Any setback–a championship loss, a bad grade, a botched audition-can be seen as a step forward when teens possess the right tools and leadership skills to turn that loss into a gain of knowledge. Drawing on nearly fifty years of leadership experience, Dr. Maxwell provides a roadmap for becoming a true learner, someone who wins in the face of problems, failures, and losses
Parents there are many ways to enhance your child’s leadership level. However, I want to focus on 3 highly effective ways to improve your child’s leadership skills. You have to take advantage of home field, take charge of away games and take the time to explain the rules. I will walk you through and explain the importance of taking home field advantage. How to make the most out of when your child is involved in away games (activities outside the home). And the importance of both explaining and ensuring your child understands basic rules of life.
Parents you need to play an active role in mentoring and assisting your children in the choice of those they play and hang out with. This is best done on your home field. Parents, home field is your home. You are there everyday. It is the place both you and your kids live, eat and sleep. Invite your children’s friends over to your home or yard for play time, activities, to work on school work, etc. so you can get to know your child’s friends.
Now it is not going to be the most convenient thing to do. Home field can be loud, messy, demanding and infringe on your personal time. I so get it, believe me I do. But think about it. Home is the best place to positively influence your son or daughter’s interactions with their friends. This is much harder to do when your child is playing away from home. Outside your home you lose home field advantage and diminish your overall influence on your child’s interactions with others. Be the influencer and make play, homework, sleep overs or whatever the activity, a home field event. From you your child will learn to positively influence others. And if your child is positively influencing others, they are moving well along the path of self leadership.
Now while home is best, not every game is played on home field. So mom, dad, grand parents, guardians, you have to take charge of away games. Specifically, you need to place them in areas where they will have a chance to interact with adult mentor leaders who can inspire them. I have a friend, who works with me in the Royal Ranger ministry. Royal Rangers is a christian mentorship program created for boys and young men. Some of the kids call him Big Daddy Bill. And he is that, a fatherly mentor to his young charges. He regularly challenges them to be the best they can be. He also holds them accountable for how they lead themselves. Parents place their sons into this program for its positive mentorship and its ability to teach leadership skills. Also, because the program helps develop their sons into the next generation of servant leaders.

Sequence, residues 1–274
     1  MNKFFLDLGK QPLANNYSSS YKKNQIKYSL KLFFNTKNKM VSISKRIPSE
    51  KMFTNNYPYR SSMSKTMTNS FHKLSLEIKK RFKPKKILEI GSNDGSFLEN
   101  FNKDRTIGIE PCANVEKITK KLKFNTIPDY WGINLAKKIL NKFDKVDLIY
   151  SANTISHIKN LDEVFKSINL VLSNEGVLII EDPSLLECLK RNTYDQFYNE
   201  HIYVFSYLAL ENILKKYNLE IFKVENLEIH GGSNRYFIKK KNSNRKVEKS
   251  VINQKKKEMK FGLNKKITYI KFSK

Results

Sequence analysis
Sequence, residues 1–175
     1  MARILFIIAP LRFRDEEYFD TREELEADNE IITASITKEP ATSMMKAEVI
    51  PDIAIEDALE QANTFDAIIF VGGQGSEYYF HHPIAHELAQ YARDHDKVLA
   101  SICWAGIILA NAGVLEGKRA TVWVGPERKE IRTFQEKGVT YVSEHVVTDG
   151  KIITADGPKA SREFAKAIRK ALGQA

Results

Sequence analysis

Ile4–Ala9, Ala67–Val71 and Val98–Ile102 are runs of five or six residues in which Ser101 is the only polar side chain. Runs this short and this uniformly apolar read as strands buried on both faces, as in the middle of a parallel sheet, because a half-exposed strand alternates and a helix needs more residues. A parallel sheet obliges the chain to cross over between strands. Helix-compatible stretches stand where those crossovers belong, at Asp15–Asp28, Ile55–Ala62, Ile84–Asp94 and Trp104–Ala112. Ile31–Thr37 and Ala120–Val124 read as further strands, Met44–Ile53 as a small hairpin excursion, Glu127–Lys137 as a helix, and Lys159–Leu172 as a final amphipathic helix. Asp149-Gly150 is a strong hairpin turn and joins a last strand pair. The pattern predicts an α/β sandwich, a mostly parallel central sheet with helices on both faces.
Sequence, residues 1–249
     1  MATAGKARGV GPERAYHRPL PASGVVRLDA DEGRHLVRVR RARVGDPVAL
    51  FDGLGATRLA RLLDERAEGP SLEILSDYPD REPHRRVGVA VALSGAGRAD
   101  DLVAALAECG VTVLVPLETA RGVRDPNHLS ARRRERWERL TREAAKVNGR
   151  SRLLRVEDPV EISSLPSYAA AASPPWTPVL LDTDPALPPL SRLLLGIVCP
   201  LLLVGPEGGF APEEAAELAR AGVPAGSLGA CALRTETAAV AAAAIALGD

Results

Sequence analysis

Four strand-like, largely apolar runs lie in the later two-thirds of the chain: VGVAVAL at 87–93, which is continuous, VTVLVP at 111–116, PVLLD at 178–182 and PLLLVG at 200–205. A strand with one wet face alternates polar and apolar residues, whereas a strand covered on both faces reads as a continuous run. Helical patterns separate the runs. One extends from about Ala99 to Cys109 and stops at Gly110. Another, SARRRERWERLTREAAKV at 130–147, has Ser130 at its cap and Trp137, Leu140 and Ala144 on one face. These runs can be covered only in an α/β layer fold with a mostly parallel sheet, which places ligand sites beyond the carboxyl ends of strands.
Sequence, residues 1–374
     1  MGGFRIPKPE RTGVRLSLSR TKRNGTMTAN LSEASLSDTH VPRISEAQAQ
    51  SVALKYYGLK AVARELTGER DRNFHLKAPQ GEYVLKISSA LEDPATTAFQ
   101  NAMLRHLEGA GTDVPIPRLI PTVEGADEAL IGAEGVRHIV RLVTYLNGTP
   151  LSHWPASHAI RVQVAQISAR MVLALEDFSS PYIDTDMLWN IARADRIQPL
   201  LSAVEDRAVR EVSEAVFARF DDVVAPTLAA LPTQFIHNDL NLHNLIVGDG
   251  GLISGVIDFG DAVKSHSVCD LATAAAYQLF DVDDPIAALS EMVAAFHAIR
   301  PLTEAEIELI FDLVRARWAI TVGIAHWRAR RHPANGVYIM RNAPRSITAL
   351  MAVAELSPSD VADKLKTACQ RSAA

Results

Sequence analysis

Joel Olsteen has said, “You need to associate with people that inspire you, people that challenge you to rise higher, people that make you better. Don’t waste your valuable time with people that are not adding to your growth. Your destiny is too important.” Parents, choose wisely where your child spends time away from home. Engage them with mentors who can inspire them, as well as, affirm your family values. The foundation of your child’s life is being laid down here and now. It is from this foundation that everything they can be, will be built upon. Let’s not limit their leadership foundation. Expand your child’s opportunities to become positively self led. Give them every opportunity to be around positive examples, so they can hear, see and learn from successful leaders.
We’ve touched on two of the 3 highly effective ways to improve your child’s leadership skills. The third way is this, Parents you need to teach your children the rules of the game. You have teach basic manners and how to behave. Rest assure, if you don’t teach your child how to behave, the world will. More times than not, it won’t be the type of behavior you wish your child to emulate. If normal looks like being rude, disrespectful, discourteous, bad tempered, a bully, or any combination there of, this is what your child will likely gravitate downwards to. Children need to know that it is abnormal to be rude, disrespectful, discourteous, bad tempered, and or a bully.
Solomon, King of Isreal said, “Though you may be wise, foolish friends will eventually destroy you. Though you may be foolish, wise friends will show and teach you success. This is an easy way to prosper.” Poor choices in friends and acquittances will have an eventual adverse affect on your child. A poor choice never enhances anything. A foolish choice only has the power to lessen or destroy, never the power to prosper This is what Solomon meant when he said foolish friends will eventually destroy you. And the same can be said in modern times. Vanilla Ice, a former pop icon and current DIY (Do It Yourself) TV host once stated, “Show me your friends and I would show you who your are.
So, parents, who are your children? Are they the foolish ones or the wise ones? The answer, parents, has a lot to do with your influence as their parents. If you wish for them to grow to be the “wise ones” then influence who your kids to hang out with. Be watchful for those “friends” who regularly drift towards or revel in bad behavior. Such negative acquaintances will limit your child’s self leadership success. John C. Maxwell says, “Leadership ability determines a person’s level of effectiveness.” If your child cannot lead themselves, learn to respect others, be courteous, control their temper, and add value to others; they limit their overall effectiveness as future leaders.